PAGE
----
Definition Edit

Areal density of a given piece of storage media is literally, how closely bits can be packed together on a discrete surface.

Overview Edit

Advances in areal density are what explain the astonishing rise in the capacity of hard drives, outstripping even Moore's law, which projects that the speed of microprocessors doubles every two years.

Currently, areal density on hard drives is upwards of 100 billion bits per square inch. Some scientists argue that we are approaching the superparamagnetic limit, which is the point on the nanoscale at which the physical properties of magnetic material break down — in other words, bits can only be made so small while retaining their physical properties.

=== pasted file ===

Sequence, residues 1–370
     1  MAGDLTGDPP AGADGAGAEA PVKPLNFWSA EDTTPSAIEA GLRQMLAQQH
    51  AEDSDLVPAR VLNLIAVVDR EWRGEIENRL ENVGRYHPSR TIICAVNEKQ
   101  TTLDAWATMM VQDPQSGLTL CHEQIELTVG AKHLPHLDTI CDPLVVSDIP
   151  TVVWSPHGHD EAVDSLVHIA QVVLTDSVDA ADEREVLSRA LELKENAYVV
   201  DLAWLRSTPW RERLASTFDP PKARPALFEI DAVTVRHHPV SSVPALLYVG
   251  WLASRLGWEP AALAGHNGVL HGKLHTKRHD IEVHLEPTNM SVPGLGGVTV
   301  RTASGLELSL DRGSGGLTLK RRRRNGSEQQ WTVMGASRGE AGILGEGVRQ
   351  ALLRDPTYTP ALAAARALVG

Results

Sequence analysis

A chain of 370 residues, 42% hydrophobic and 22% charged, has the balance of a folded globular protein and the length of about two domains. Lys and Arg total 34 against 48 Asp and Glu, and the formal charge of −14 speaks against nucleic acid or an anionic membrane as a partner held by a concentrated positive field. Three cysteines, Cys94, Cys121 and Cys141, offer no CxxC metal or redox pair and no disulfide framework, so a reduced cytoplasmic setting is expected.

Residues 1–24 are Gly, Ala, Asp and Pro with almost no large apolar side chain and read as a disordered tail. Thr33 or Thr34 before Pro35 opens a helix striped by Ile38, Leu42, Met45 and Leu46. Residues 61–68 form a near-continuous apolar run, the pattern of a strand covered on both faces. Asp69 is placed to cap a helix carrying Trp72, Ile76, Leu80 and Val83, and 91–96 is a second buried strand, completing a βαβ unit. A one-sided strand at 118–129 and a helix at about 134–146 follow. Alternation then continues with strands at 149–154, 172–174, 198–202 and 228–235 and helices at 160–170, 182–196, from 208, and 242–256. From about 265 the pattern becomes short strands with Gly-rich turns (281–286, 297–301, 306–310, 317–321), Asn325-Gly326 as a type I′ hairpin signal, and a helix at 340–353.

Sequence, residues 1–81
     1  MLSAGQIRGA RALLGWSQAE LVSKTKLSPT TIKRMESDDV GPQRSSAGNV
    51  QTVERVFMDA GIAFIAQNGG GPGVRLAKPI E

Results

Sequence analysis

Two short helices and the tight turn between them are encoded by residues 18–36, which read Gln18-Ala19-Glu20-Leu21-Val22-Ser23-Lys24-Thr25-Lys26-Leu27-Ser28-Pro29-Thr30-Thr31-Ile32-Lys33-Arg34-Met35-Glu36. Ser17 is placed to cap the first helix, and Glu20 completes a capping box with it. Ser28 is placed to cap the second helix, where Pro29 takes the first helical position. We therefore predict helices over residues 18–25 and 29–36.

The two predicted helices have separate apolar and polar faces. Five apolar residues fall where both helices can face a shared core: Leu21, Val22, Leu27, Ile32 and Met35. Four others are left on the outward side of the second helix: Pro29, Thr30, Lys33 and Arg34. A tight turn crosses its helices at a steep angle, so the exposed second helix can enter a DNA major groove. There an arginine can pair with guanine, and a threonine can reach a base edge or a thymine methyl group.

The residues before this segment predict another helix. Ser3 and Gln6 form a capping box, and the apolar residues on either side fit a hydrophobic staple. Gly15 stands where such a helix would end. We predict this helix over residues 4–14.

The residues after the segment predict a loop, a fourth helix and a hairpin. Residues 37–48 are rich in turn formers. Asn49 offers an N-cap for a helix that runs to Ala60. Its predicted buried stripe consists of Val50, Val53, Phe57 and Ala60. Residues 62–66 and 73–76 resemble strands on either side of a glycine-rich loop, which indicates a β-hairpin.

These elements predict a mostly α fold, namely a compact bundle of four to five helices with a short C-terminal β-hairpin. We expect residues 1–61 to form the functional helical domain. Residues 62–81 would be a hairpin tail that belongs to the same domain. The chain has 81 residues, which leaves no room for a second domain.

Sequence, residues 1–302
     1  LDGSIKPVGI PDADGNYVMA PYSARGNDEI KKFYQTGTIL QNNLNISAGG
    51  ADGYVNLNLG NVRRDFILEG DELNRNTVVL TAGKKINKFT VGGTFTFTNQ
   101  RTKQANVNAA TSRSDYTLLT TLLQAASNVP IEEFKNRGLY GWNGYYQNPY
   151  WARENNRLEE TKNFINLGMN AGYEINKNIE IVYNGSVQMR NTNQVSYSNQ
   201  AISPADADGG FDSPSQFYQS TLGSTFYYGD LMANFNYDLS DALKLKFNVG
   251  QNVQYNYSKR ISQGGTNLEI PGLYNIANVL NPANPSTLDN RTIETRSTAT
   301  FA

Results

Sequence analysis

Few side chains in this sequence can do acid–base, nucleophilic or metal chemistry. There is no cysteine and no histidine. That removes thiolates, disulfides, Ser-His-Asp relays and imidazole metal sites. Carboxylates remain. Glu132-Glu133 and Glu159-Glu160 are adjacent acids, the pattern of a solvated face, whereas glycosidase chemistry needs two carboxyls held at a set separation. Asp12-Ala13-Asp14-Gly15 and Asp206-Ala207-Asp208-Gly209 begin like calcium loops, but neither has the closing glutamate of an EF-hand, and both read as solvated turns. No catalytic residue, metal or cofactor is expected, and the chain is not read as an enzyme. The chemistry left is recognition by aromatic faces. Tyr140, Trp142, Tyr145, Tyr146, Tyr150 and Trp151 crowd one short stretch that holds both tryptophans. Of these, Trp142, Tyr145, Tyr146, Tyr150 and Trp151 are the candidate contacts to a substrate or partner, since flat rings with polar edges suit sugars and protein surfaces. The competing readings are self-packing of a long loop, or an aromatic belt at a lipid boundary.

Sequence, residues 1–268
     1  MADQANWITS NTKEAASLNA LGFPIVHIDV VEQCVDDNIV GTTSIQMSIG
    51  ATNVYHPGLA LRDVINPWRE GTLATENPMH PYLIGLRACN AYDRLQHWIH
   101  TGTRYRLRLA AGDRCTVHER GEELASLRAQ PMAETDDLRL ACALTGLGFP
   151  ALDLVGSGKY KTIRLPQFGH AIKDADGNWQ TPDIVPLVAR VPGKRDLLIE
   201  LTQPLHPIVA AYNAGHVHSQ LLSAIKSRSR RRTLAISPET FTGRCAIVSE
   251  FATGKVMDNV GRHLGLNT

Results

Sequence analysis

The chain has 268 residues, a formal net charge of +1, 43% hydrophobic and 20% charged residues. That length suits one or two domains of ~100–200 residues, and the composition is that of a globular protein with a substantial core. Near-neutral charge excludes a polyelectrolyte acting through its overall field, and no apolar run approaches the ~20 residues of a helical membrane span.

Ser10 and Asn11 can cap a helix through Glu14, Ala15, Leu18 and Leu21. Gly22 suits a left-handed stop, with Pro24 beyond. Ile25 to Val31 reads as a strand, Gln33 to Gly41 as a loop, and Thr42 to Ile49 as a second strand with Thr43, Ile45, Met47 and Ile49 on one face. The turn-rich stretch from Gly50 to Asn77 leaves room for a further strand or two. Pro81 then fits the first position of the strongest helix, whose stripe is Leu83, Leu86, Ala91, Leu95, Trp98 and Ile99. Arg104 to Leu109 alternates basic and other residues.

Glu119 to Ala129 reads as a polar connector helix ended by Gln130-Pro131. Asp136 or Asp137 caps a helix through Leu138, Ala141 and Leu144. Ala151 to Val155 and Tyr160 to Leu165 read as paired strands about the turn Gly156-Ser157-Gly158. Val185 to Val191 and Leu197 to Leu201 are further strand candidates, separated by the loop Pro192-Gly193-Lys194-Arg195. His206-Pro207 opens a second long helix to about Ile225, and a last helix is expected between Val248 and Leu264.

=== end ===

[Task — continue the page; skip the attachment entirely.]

Source Edit

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